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For more information, see the Wikipedia article:

As an uncountable noun, religion is a "way of living" or the set of customs or rituals that follows from such beliefs.

For more information, see the Wiktionary article:

It is notoriously difficult to define what does and does not constitute a religion, due to the sheer variety of human religious beliefs and practices. Taoism and Confucianism, for instance, are sometimes described as philosophies rather than religions.



Many religions are subdivided into sects or denominations, resulting in a huge number of labels for the religious to choose from. The major world religions are typically, however, divided into three large groups:

  1. Abrahamic religions
  2. Dharmic religions
  3. Taoic religions

Largest world religions

According to data collected by, the religious traditions with the most "adherents" around the world (including traditions outside of the three major divisions listed above) are:[1]

  1. Christianity: 2.1 billion
  2. Islam: 1.3 billion
  3. Non-religious, including secular, agnostic and atheist: 1.1 billion
  4. Hinduism: 900 million
  5. Chinese traditional religion: 394 million
  6. Buddhism: 376 million
  7. "primal-indigenous", including various tribal/ethnic religions and animism: 300 million
  8. African traditional and diasporic: 100 million
  9. Sikhism: 23 million
  10. Juche: 19 million
  11. Spiritism: 15 million
  12. Judaism: 14 million
  13. Baha'i: 7 million
  14. Jainism: 4.2 million
  15. Shinto: 4 million
  16. Cao Dai: 4 million
  17. Zoroastrianism: 2.6 million
  18. Tenrikyo: 2 million
  19. Neo-Paganism: 1 million
  20. Unitarian-Universalism: 800 thousand
  21. Rastafarianism: 600 thousand
  22. Scientology: 500 thousand

Major approaches to religion

Note that statements below about "God" can also generally be made about "gods".

Lack of (belief in / certainty about / support for) religion

  • Ignosticism — statements about God are ill-defined or meaningless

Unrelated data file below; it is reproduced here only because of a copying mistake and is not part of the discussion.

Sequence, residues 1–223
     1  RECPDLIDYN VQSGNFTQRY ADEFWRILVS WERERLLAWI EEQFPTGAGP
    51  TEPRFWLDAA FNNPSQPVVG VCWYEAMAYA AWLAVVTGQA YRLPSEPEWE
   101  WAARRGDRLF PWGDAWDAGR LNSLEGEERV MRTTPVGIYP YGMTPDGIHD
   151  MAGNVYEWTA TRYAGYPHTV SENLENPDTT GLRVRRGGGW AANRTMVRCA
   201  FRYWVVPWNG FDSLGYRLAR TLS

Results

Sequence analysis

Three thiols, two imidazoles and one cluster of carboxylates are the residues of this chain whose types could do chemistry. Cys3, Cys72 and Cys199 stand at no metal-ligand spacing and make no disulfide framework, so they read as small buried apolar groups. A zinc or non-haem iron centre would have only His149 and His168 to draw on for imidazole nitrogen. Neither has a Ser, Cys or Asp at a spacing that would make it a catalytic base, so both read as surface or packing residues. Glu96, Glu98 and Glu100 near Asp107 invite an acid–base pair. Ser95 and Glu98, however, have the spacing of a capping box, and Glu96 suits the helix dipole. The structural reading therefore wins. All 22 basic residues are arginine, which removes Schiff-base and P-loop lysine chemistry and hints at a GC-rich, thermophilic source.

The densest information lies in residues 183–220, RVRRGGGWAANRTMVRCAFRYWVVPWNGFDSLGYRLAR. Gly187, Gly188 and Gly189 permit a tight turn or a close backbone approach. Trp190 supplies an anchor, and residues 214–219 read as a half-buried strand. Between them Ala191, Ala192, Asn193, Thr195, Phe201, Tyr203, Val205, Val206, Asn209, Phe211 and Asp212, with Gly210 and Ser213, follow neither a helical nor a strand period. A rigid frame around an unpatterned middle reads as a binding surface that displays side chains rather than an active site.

• Agnosticism — lack of knowledge about God
  • Atheism — lack of belief in God; belief in the nonexistence of God
  • Antitheism — opposition to belief in God; belief in God seen as harmful
  • Humanism — supports reason and ethics; rejects superstition and the supernatural; humans have to solve their own problems

Forms of deism

  • Deism — God created the universe but is not presently active in it; typically rejects miracles and other supernatural events
  • Pandeism — the universe is God
  • Panendeism — the universe is part of God
  • Polydeism — multiple gods created the universe and are not presently active in it

Forms of theism

  • Theism — belief in one or more gods who are generally active in the universe and in human lives

Number of gods

  • Nontheism — no gods; encompasses atheism and agnosticism, but also religions having no gods (e.g., many Eastern religions)
  • Monotheism — belief in one god
  • Monolatrism — worship of one god among many, the others of whom are not worthy of worship
  • Henotheism — worship of one god among many, some of whom may also be worthy of worship
  • Kathenotheism — worship of "one god at a time" from among many
  • Duotheism — two complementary (often male and female) gods
  • Polytheism — worship of many gods

Number of aspects of a single god

Nature of God

  • Dystheism — God is partly or wholly evil
  • Pantheism — God is the universe
  • Panentheism — God is "immanent" in the universe but transcends it
  • Transtheism — One or more gods are "immanent" in the universe but transcend it
  • Transcendentalism — God transcends the physical universe and/or human understanding

Other ways of understanding/knowing God or the divine/spiritual

  • Acosmism — the observable world is an illusion
  • Animism — unification of matter and spirit; all material things have souls or spirits
  • Esotericism — knowledge of the divine is available to only a few enlightened individuals
  • Gnosticism — knowledge of God; more specifically, a diverse religious tradition in the first few centuries A.D. which stressed knowledge of the divine origins of the universe and human beings
  • Mysticism — stresses experience of the divine or "ultimate reality"
  • Natural theology — approach to knowledge of God stressing reason and rejecting the supernatural
  • New Age — diverse religious movement beginning in the late 20th century involving "an eclectic and individual approach to spiritual exploration" (Wikipedia:New Age)
  • Omnitheism — all religions have some appreciation of the inherent spirituality of existence; stresses reconciliation of different religious traditions and of religions with scientific understanding
  • Spiritualism — religious movement popular in the 19th and early 20th centuries centered around the possibility of contacting spirits of the dead
  • Theology — "reasoned discourse" concerning religion, spirituality and god(s)
  • Theosophy — a purported "body of truth" that forms the basis of all religions

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